The world’s second most expensive apartment isn’t in New York or Paris or Berlin, or even Tokyo. It’s in Hong Kong, where Asia’s priciest living space and the second most costly in the world, after One Hyde Park, in London has gone on sale. The apartment, a 6,755 square foot unit at the 12-unit Opus building in downtown Hong Kong, has sold for HK$430m – US$55m. That’s a price of US$8, 130 per square foot.
Obviously, that’s a huge price per square foot and a huge apartment too. But Hong Kong is an expensive place to live even if you’re not shopping for an Opus-style apartment. The average Hong Kong apartment is 600 square feet, a much more modest proposal. But buyers can still expect to pay HK$4.5 million for such a place – US$580, 135. Compare that with Brooklyn heights, now one of the world’s stiffer-priced neighbourhoods, where New York centred blog Curbed.com found one couple paying US$1500 a month for a 240 square foot apartment, and it doesn’t seem so bad. But Hong Kong’s prices are for family homes and the figure is an average across the city: New Yorkers willing to live in Ridgewood, or East Williamsburg, can hope for significantly lower rents.
But both major cities face similar pressures. As a result of being key areas in their countries’ economies, there’s a premium on living in them. The average Honk Kong income is HK$20, 200 pcm. For two working Hong Kong residents to buy an apartment, then, they’d have to spend 18.6 years’ worth of salary, without spending a penny on anything else. That’s in clear contrast to the rest of Asia, where prices are typically much lower. Singapore households are typically looking at between three and seven years to pay off their property purchases , less than half Hong Kong levels. Yet in the US, both would be considered out of reach: affordable’ there means three years or less.
As the housing market across Europe and American crashed hard after 2008, Hong Kong experienced the opposite. Prices began climbing in the first quarter of 2009, quickly passed the levels of 1997, the previous market peak, and have risen quarter on quarter since then; a record every three months. But incomes have not kept pace. Average pay has risen by 15% in the same period as property prices have shot up 85%. The result has been a ‘sandwich class,’ earning between HK$20, 000 and HK$30, 000; for these people to enter the property market, prices would have to fall by between 19% and 30%, according to Li Xueying Asia News Network (MCT).
Hong Kong faces a housing crisis in the making. But it’s less like the US of 2008, where prices fell vertiginously, and more like the US now, where prices are rising but wages aren’t. Some attribute this to mainland Chinese buying Hong Kong property: Mainlanders account for 40% of luxury home sales but only 10% of total home sales, and Hong Kong’s Chief Executive Leung Chun Ying has announced a law to bar foreigners from buying private housing, with the Hong Kong government in the process of figuring out the details.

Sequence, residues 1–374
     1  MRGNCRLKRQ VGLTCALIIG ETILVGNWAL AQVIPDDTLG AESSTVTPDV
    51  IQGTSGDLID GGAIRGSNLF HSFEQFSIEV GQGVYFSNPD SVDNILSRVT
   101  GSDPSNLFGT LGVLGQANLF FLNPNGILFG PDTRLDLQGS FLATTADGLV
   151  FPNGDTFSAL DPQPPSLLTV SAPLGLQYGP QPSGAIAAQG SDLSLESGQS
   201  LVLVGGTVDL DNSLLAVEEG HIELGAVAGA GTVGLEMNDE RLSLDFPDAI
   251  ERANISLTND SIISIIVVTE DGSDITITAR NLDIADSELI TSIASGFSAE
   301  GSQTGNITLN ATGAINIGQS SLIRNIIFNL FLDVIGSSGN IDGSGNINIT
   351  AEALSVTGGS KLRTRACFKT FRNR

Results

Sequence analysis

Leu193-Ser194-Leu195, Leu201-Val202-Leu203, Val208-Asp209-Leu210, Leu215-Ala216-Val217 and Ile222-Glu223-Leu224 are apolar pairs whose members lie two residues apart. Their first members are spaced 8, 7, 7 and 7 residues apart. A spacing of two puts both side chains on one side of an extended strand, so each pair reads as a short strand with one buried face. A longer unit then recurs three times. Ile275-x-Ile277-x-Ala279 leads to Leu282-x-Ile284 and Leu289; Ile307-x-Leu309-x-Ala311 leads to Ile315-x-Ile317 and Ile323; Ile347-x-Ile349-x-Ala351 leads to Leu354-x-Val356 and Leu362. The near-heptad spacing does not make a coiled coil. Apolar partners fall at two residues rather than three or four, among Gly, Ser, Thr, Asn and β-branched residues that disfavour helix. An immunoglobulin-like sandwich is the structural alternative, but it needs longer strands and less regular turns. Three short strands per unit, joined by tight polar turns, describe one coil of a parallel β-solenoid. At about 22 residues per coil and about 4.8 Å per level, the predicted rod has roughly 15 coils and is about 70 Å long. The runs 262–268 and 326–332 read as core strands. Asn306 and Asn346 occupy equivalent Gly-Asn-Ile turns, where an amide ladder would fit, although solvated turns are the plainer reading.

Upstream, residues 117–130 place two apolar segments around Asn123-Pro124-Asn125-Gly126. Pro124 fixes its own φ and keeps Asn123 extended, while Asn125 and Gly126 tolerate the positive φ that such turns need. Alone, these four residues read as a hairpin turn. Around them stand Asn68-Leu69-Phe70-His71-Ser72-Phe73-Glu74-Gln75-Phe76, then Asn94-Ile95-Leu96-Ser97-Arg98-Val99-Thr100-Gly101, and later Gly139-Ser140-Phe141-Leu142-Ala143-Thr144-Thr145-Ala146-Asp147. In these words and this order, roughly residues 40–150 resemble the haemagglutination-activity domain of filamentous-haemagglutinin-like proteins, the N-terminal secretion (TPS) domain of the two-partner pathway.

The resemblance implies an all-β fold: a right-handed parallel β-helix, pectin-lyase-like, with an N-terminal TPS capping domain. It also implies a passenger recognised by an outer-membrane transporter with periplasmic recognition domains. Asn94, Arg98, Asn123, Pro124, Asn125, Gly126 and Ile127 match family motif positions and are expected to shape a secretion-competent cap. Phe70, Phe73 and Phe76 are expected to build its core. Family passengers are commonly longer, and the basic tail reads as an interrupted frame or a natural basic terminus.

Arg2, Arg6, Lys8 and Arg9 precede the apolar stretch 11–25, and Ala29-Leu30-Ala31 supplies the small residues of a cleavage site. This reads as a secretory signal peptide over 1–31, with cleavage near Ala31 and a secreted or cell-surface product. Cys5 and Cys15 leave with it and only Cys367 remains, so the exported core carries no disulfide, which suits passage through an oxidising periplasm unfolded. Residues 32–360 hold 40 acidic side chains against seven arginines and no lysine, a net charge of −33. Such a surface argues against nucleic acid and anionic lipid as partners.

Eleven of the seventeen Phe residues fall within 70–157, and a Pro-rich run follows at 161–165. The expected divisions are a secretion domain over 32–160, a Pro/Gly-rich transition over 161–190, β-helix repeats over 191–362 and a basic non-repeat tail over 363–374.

Mr. Leung is thought to have made the move partly to deflect criticism from his rivals for having failed to combat the housing shortage since his election two months ago: however, the first result of his action has been a tumble in the Hong Kong stock market. Meanwhile, academics have criticised the vagueness of the measure, which Mr. Leung is keeping sufficiently nebulous as to discuss neither the law itself, saying only that the government was drafting the legal framework, or its date of enactment, which he said would be ‘when necessary.’
In fact one major driving force of Hong Kong’s housing shortage is the lack of housing: 5, 000 too few homes a year for the last six years and a projected shortfall of 185, 000 homes by 2017, according to Eva Lee of investment bank UBS. The other is the Hong Kong government’s lack of control over its own interest rates. The Hong Kong currency is pegged to the US dollar, forcing officials to follow a monetary policy tailored to a totally different situation. The Federal Reserve’s attempts to rekindle the US economy are seriously inappropriate to a market that’s more in danger of overheating than going out.
If home prices continue to be the political flashpoint they are already developing into, the question is whether Hong Kongers will vent their unhappiness – supposedly on the increase on mainlanders, or whether they’ll rally behind the cry -˜the rent is too damn high!’